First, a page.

ACA Sounds Battle Cry Against ‘Discrimination’


Phoenix – Small independent cable operators are facing one of their most trying times in terms of federal regulation, their chief lobbying group told them Tuesday.

“There are so many issues that are affecting independent cable, it is perhaps -- right now -- the most critical time in our industry’s history with so many serous issues compressed in a 12-month period between February of this year and February 2009,” Matt Polka, president of the American Cable Association, said during the National Cable Television Cooperative’s Winter Educational Conference.

Polka made his remarks during a session entitled “ACA and the ’08 Firestorm.” At the panel, Polka and his staff updated small operators on his group’s efforts to get the Federal Communications Commission to address retransmission consent and the wholesale pricing and bundling practices of major programmers.

“It may not actually be a firestorm, it just feels that way,” Polka said. “Regulations, particularly from the FCC, disproportionately impact your systems and affect your ability to provide advanced services to your customers.”

The ACA has lobbied for a blanket exemption for small operators from federally mandated dual must-carry, the regulation that cable systems will have to carry the analog and digital signals of must-carry TV stations.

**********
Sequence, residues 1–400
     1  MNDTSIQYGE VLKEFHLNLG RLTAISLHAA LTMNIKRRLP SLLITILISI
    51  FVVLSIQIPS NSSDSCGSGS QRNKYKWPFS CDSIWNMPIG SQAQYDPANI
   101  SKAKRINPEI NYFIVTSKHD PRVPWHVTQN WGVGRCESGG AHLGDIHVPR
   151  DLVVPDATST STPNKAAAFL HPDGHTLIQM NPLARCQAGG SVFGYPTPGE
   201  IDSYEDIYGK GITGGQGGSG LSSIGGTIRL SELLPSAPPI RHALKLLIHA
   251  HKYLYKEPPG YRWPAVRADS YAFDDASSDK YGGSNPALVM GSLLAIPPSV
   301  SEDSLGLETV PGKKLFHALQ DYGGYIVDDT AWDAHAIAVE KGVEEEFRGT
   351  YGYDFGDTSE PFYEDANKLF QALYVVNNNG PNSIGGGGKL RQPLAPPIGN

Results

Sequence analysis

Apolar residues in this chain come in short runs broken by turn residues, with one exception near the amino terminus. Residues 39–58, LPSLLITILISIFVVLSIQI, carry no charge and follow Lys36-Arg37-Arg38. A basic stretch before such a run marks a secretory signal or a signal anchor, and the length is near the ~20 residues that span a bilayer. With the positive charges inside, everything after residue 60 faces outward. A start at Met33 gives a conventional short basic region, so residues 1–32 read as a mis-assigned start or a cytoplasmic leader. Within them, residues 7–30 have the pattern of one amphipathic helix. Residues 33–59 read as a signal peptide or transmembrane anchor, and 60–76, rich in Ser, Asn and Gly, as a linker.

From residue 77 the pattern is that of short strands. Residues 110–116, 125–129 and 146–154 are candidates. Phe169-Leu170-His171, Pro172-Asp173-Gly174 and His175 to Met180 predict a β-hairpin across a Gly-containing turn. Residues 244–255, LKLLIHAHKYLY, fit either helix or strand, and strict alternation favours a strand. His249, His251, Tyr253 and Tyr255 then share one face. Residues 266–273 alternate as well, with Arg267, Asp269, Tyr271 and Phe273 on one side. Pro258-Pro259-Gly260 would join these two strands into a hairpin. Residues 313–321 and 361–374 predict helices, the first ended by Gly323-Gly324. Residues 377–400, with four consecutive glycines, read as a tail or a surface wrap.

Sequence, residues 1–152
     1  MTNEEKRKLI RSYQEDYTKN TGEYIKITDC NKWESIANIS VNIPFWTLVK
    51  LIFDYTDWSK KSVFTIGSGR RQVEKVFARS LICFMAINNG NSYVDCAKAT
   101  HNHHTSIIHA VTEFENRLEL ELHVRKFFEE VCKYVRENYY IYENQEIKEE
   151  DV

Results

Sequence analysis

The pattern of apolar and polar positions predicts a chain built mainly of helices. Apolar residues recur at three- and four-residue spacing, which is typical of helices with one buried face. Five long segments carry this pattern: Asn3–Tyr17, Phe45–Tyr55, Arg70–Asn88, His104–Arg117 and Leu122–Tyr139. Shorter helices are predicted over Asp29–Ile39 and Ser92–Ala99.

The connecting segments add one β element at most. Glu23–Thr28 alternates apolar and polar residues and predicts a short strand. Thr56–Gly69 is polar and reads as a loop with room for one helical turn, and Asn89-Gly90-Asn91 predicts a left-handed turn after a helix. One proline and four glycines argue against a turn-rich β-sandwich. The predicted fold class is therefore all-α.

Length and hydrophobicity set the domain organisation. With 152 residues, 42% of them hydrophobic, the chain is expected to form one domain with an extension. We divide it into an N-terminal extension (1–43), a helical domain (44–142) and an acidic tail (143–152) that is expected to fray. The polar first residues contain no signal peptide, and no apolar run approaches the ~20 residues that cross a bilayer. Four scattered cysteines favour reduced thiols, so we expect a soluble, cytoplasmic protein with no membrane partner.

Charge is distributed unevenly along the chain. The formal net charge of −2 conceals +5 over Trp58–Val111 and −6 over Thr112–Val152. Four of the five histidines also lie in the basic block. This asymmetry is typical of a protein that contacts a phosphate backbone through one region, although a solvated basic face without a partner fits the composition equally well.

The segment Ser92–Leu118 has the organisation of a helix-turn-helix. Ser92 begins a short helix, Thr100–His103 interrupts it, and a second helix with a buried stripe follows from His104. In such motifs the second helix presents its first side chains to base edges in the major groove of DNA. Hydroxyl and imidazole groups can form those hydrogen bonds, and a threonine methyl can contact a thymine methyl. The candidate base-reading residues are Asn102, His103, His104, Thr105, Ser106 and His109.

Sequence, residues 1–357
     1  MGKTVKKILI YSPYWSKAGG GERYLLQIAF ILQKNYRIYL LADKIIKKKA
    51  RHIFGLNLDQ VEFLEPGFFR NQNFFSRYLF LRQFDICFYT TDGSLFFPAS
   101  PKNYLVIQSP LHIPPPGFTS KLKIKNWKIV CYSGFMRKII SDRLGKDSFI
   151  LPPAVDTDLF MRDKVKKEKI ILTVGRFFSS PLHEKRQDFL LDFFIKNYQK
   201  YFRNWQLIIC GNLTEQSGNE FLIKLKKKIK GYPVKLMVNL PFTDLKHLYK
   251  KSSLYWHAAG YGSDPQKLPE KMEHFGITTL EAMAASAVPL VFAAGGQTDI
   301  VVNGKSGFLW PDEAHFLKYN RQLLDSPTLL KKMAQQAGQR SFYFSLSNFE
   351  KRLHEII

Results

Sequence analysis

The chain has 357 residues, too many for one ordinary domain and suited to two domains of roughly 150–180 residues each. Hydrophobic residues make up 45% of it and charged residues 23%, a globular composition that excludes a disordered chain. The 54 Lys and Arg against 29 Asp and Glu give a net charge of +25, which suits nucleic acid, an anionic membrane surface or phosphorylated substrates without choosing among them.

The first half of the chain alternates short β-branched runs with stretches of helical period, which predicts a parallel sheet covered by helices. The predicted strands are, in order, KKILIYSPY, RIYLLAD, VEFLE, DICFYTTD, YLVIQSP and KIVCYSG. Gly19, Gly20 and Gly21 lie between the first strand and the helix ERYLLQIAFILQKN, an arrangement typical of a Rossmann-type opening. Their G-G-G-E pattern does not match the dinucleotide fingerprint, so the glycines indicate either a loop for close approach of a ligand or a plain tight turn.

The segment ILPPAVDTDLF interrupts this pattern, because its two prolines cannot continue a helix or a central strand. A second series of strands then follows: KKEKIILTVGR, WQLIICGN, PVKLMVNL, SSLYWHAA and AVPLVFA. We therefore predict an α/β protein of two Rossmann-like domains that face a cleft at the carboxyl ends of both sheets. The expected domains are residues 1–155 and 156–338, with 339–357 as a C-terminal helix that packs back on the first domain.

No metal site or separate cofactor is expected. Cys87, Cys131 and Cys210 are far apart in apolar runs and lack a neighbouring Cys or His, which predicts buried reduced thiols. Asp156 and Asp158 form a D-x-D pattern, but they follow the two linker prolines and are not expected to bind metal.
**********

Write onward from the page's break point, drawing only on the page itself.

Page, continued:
The possibility of having to carry both signals is making small operators look long and hard at technology to increase their plant capacity, a fact that Polka alluded to.

“I am always amazed when I come to an event like this that is technology-focused, how each and every one of the technology issues that we discuss have a clear regulatory or policy aspect to them,” he said. “We cannot be successful on that technology front if we are not applying the same types of resources on the policy front.”      

The ACA also described how it had filed papers asking the FCC to take measures to force programmers to offer their networks on a standalone basis -- so-called wholesale a la carte -- not just bundled together so cable systems are forced to take channels they don’t want.

A number of major media companies, like The Walt Disney Co., have made their own FCC filings in rebuttal to the ACA, claiming they already offer their networks on a standalone basis.

Following the NCTC session, Polka issued a prepared statement.

“Without stability or security, ACA’s members will not be able to provide essential services to their customers,” he said. “The small and rural communities independent cable operators serve today are the ones that will suffer tomorrow.”

During the session, ACA lawyer Chris Cinnamon said small operators are being discriminated against in terms of retransmission consent, having to pay fees to carry TV stations that are four to 20 times those charged to larger cable companies.